My current book project has the working title Jackson’s Wars: A.Y. Jackson, the Great War, and the Birth of the Group of Seven. It is under contract with McGill-Queen’s University Press, publisher of Beardmore.
Jackson’s Wars is a story of combat, commemoration, camaraderie, artistic vision, and loss, in which two of the most compelling Canadian topics of the early twentieth century, the Great War and the Group of Seven, converge and intertwine. The story is about bands of brothers, about artists and soldiers (and artists who were soldiers) and their causes, the battles they fought in peace and war. Approaching the renowned artistic collective, the Group of Seven, through the lens of A.Y. Jackson’s experiences as a soldier and war artist, and the war through the lens of an art movement, yields fresh insights into both. The result I hope will be a rich and informative reader experience not otherwise available, and it is set in an Edwardian Canada where class, ethnicity, privilege, and duties to empire are dominant themes.
The Great War remains one of the most controversial and actively debated episodes in Canadian history—alternately decried as a senseless slaughter waged in the name of empire and celebrated as a bloody birthplace of Canada as a nation. Jackson’s Wars aspires to reach beyond typical books about Canada in the Great War, which focus on military strategies and experiences of the battle front, or alternately on its political dimensions such as the conscription crisis. The narrative captures the horrors (at times literally visceral) of that war, but it also draws connections between the battle front and the home front, where men like Jackson had felt overwhelming pressure to volunteer, in the face of a relentless call for fresh recruits to replace the fallen. Through the stories of Jackson and other figures, we see how Toronto and Montreal experienced the war—especially how Montreal, then Canada’s largest and most prosperous city, responded with enthusiasm to the call to arms and reeled from the devastating losses that began to mount from the moment the country’s troops entered combat around Ypres in April 1915.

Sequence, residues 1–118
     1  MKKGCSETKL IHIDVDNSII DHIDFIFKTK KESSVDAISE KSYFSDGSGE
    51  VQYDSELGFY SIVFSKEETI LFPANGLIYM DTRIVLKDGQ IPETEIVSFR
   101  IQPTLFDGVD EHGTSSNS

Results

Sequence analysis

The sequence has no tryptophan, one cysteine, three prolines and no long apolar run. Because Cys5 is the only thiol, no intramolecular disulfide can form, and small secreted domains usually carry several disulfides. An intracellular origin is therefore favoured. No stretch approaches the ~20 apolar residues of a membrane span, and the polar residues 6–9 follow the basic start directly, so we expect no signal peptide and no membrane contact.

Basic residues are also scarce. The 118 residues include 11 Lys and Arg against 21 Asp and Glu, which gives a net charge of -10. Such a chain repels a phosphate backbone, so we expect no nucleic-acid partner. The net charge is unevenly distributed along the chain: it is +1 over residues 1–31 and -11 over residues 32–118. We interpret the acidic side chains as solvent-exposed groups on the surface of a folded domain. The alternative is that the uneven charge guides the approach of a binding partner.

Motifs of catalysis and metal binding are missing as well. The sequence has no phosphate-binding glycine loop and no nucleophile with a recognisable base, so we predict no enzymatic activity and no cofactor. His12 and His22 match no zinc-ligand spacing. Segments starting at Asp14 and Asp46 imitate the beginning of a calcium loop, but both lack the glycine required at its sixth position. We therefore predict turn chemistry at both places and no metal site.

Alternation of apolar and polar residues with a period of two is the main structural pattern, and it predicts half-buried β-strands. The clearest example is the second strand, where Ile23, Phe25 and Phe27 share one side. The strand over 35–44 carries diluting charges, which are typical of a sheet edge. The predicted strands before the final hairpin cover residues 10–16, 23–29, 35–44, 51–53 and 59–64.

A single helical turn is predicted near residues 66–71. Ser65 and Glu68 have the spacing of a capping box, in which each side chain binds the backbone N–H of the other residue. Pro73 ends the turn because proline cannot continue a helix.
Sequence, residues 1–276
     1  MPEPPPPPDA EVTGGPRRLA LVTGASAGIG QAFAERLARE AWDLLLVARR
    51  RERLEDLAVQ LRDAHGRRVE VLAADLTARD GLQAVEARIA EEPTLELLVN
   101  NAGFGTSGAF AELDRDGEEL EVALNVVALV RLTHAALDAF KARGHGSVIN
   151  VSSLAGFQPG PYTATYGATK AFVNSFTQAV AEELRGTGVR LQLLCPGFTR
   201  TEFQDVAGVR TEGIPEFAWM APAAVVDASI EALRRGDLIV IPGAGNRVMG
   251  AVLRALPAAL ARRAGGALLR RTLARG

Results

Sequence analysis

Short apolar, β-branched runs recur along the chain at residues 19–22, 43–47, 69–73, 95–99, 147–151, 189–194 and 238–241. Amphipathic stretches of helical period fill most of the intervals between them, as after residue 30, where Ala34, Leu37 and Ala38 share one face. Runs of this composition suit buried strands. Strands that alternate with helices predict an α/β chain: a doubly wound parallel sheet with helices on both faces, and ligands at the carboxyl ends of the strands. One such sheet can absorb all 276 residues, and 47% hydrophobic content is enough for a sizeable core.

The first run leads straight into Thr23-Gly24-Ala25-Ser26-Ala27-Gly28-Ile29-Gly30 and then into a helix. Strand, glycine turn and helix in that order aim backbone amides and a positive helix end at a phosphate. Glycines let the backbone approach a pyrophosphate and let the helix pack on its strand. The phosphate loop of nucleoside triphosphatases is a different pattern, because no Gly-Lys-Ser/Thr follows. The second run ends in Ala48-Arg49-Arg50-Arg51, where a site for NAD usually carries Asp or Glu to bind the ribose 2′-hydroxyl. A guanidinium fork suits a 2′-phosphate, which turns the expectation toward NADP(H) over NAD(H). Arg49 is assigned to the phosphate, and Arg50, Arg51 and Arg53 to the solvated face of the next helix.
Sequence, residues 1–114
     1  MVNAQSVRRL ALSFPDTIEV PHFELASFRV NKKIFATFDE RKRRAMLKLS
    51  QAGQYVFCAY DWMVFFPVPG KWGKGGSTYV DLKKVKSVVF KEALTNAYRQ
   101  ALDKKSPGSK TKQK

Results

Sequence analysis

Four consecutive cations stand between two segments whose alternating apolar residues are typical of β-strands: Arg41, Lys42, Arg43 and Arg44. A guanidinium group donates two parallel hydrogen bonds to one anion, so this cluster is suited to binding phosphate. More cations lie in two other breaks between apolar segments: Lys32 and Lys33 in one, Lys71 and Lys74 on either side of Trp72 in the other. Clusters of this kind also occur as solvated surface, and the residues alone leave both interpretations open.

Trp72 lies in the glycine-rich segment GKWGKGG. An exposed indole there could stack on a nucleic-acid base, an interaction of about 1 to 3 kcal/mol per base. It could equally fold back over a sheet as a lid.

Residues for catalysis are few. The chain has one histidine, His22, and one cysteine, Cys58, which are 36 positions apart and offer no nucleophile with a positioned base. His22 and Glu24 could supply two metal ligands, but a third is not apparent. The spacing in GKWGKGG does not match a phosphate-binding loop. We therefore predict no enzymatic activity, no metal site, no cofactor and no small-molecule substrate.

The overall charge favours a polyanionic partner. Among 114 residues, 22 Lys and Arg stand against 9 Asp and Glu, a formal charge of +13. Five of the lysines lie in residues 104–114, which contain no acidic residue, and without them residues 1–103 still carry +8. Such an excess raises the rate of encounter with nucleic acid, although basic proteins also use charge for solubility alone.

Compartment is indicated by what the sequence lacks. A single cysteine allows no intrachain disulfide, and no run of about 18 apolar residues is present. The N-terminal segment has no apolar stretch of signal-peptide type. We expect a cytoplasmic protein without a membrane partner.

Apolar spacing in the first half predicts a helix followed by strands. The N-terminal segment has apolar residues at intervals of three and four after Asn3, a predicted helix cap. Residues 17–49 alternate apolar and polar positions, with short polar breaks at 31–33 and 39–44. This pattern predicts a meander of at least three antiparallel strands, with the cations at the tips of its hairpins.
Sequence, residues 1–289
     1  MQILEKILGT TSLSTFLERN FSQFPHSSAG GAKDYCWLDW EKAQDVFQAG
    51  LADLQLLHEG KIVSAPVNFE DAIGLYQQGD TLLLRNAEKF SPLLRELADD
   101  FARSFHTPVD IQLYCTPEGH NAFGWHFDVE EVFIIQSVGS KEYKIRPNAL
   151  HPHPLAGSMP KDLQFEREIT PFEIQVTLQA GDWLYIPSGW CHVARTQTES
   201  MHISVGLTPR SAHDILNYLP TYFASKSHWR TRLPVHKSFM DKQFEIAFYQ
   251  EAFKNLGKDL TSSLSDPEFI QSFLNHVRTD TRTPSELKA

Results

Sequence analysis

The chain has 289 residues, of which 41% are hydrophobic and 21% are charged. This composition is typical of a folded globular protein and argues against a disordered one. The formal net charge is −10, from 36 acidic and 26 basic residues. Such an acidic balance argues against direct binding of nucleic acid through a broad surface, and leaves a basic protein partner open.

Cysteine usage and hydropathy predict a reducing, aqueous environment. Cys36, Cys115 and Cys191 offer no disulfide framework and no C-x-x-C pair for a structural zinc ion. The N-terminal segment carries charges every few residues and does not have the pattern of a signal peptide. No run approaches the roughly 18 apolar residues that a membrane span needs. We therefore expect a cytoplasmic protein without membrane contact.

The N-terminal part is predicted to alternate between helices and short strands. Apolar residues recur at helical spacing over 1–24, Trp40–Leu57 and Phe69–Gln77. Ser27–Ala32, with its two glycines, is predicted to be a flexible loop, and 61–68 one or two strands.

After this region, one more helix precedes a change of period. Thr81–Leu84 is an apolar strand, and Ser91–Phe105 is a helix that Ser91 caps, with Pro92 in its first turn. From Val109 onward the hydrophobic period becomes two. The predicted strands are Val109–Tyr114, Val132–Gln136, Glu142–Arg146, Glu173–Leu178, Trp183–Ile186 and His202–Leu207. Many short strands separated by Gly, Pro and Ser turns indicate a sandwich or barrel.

As the title suggests, more than one war is being fought in this narrative. The Great War may be the most obvious, but when hostilities broke out, A.Y. Jackson was waging another one, on multiple fronts, against art critics, private collectors, and gallery curators over what constituted fine art, and how Canadian artists should contribute to it, be recognized—and above all, be supported. Jackson was struggling to establish himself as a landscape artist and change the conservative tastes of Canadian collectors, especially the moneyed families of Montreal’s Golden Square Mile, who preferred second-rate Dutch works from the seventeenth century and the heavily varnished output of the nineteenth-century Barbizon school of European landscape painters. Jackson envisioned a new “Canadian school” of landscape painting that was more daring, more vigorous in its approach to colour, composition, and form, than Canada’s moneyed families were willing to hang on their walls. The key figures in what would become the Group of 7 had all just found each other when the war interrupted their artistic progress. Jackson was the only one to enlist and serve overseas, as a private in the 60th Battalion raised in Montreal in the summer of 1915. Wounded at Sanctuary Wood in June 1916, Jackson found a new role in the conflict, as an artist in the War Memorials project. Most of the future members of the Group of 7 collective were also recruited as war artists.
Using an array of documentary evidence, Jackson’s Wars explores how one of Canada’s best-known artists became a soldier, a casualty of war, and an artist of war. It recreates Jackson’s formative years as an artist, his experiences of (and response to) war, and the lives of men and women caught up in a shared narrative of tragedy and inspiration.
As the war’s end approached, Jackson was consumed by issues of depiction and commemoration. With censorship having severely limited the presence of cameras on battlefields, the war’s depiction was largely left to artists. Jackson and his fellow war artists grappled with how such a terrible conflict ought to be remembered, and if its truths could be captured on canvas. Jackson also confronted how his friend and fellow landscape artist Tom Thomson, who drowned in Algonquin Park in 1917 (the casualty of the war years no one imagined), ought to be eulogized. Finally, Jackson reengaged the issue of how Canada should be represented by its artists, in the aftermath of a conflict that cost so many lives and produced the deep divisions of the conscription crisis. Regardless of how you choose to view the war, Jackson’s Wars shows how it changed the trajectory of art and artistic careers. It was an ordeal at home and overseas that not everyone survived intact, physically and mentally, and those who came through it solidified their ideas of how Canada should appear on canvas.